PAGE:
What about Taliban human rights violations?
Scarcely a week goes by without another story in the western media about Taliban restrictions on women and other human rights violations in Afghanistan. Women’s rights were a particular point of emphasis during America’s 20-year campaign in Afghanistan. To see the Taliban undoing most of our social initiatives is painful, but to keep our perspective we need to acknowledge several things. First, we need to recognize that acceptance of the social change we were trying to accelerate in Afghan society was shallow. Too many of our diplomats and US government personnel fooled themselves into believing that the people they met in cosmopolitan Kabul were indicative of popular attitudes in Afghanistan as a whole. Afghans in general went along with our various social initiatives because we were the moneybags doling out largesse, but they didn’t really believe in them that strongly. The fact that there was no popular rising of Afghan men rallying to arms in the spring / summer of 2021 to prevent a return to (what we see as) “Taliban barbarism” should tell us that maybe all these societal reforms that we in the West pushed for 20 years weren’t as quite as popular with the general Afghan public as we thought. Next, we should also recognize that Afghans aren’t necessarily opposed to harsh justice so long as it is perceived as (relatively) fair and impartial justice and that many Afghans perceived the Taliban as less capricious and corrupt than the GIRoA. Finally, we overlook how welcome an end to the war was in Afghanistan. Even Afghans who were nervous about the Taliban’s return welcomed the relative peace that followed their victory and got on with their lives, making the best of things.
The bottom line is this: The Taliban’s governance, with its return to a stricter interpretation of Islam that curtails women’s rights and other liberal social reforms instituted at our behest by GIRoA is more of an issue to Western intelligentsia than it is to the average Afghan. Our policymakers would do well to remember these lines from Kipling.
At the end of the fight
There’s a tombstone in white
With the name of the recent deceased
And the epitaph drear
There’s a fool laying here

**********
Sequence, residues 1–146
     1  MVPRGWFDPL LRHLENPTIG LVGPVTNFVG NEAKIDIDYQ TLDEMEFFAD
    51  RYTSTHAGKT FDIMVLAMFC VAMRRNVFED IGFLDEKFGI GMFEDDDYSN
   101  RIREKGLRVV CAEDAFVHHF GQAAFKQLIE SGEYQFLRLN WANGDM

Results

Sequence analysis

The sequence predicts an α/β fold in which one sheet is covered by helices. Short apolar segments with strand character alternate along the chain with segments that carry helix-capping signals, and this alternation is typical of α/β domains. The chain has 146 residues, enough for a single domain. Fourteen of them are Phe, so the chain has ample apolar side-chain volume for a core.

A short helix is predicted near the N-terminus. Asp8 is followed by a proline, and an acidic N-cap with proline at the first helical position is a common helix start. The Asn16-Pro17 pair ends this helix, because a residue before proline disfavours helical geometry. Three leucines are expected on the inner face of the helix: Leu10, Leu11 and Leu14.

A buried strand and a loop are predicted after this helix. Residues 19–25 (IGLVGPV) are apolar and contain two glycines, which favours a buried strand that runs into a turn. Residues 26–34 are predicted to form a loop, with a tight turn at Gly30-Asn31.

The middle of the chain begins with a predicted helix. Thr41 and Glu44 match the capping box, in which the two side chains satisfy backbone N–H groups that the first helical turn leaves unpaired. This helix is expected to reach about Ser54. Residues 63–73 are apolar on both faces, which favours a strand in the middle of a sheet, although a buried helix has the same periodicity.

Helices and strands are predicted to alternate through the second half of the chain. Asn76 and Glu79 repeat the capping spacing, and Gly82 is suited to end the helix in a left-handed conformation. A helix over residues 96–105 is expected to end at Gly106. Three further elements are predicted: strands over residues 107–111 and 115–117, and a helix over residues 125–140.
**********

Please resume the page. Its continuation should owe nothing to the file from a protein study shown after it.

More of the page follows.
Who tried to hurry the East
The most useful lesson we (the US and its policy community) can take out of Afghanistan is there is no point in trying to artificially accelerate social evolution in another country. Period. Full stop.
But won’t our diplomats be in danger?
Most assuredly they will be. Probably not from the Taliban though. ISIS-K and a sundry of other groups will present a real threat. So what? They’re a threat all over the Middle East. The consulate RSO can coordinate security with the Taliban and life will go on. The degree to which the Taliban cooperate with us on the consulate’s security will be another good way of gauging their sincerity about desiring us to re-establish our presence. Being a diplomat entails certain risks and the members of our diplomatic corps are aware of what they signed up for. Most do not ask for the ridiculous security restrictions that have been imposed upon them by successive risk averse administrations. I don’t think there would be any shortage of volunteers.
So, what’s the way ahead?
For the past two years we have engaged in what can only be described as “diplomatic and strategic sulking” that does neither our nation’s interests nor the Afghan people any good. It’s time to get over it and move on to the next chapter. We should offer to re-open a consular office on the old embassy grounds in Kabul and work with the Taliban in areas in which we can find a common interest (humanitarian relief, the emigration of those Afghans who worked for us that wish to leave the country and – possibly - counter terrorism). The presence of an American consulate in Kabul will not constitute approval of Taliban government policy or formal diplomatic recognition. It would simply acknowledge the reality that the Taliban are the power extant whom we will have to deal with for the foreseeable future. It would facilitate our interests and those of the Afghan people. It would certainly be an improvement over what we have now.